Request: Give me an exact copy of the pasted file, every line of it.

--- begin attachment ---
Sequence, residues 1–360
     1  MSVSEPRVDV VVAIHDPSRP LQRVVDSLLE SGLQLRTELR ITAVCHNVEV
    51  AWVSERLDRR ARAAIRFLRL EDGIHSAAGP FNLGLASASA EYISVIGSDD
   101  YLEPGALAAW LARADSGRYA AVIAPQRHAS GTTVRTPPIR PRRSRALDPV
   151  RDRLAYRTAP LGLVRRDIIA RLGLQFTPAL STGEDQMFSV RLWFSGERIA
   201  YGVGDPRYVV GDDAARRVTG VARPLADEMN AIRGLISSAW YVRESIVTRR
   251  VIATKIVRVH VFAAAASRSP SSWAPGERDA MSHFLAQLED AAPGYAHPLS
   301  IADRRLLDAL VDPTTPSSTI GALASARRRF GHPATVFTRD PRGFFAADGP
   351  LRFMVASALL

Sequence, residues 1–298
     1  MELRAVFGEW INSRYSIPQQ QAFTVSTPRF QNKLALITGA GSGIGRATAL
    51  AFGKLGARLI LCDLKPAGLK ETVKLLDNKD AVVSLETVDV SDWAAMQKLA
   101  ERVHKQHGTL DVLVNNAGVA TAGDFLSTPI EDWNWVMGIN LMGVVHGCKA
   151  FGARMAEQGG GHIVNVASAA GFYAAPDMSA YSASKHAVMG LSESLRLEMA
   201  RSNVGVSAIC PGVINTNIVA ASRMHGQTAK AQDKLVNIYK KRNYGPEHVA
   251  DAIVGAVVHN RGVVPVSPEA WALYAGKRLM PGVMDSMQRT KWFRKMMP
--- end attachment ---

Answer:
Sequence, residues 1–360
     1  MSVSEPRVDV VVAIHDPSRP LQRVVDSLLE SGLQLRTELR ITAVCHNVEV
    51  AWVSERLDRR ARAAIRFLRL EDGIHSAAGP FNLGLASASA EYISVIGSDD
   101  YLEPGALAAW LARADSGRYA AVIAPQRHAS GTTVRTPPIR PRRSRALDPV
   151  RDRLAYRTAP LGLVRRDIIA RLGLQFTPAL STGEDQMFSV RLWFSGERIA
   201  YGVGDPRYVV GDDAARRVTG VARPLADEMN AIRGLISSAW YVRESIVTRR
   251  VIATKIVRVH VFAAAASRSP SSWAPGERDA MSHFLAQLED AAPGYAHPLS
   301  IADRRLLDAL VDPTTPSSTI GALASARRRF GHPATVFTRD PRGFFAADGP
   351  LRFMVASALL

Sequence, residues 1–298
     1  MELRAVFGEW INSRYSIPQQ QAFTVSTPRF QNKLALITGA GSGIGRATAL
    51  AFGKLGARLI LCDLKPAGLK ETVKLLDNKD AVVSLETVDV SDWAAMQKLA
   101  ERVHKQHGTL DVLVNNAGVA TAGDFLSTPI EDWNWVMGIN LMGVVHGCKA
   151  FGARMAEQGG GHIVNVASAA GFYAAPDMSA YSASKHAVMG LSESLRLEMA
   201  RSNVGVSAIC PGVINTNIVA ASRMHGQTAK AQDKLVNIYK KRNYGPEHVA
   251  DAIVGAVVHN RGVVPVSPEA WALYAGKRLM PGVMDSMQRT KWFRKMMP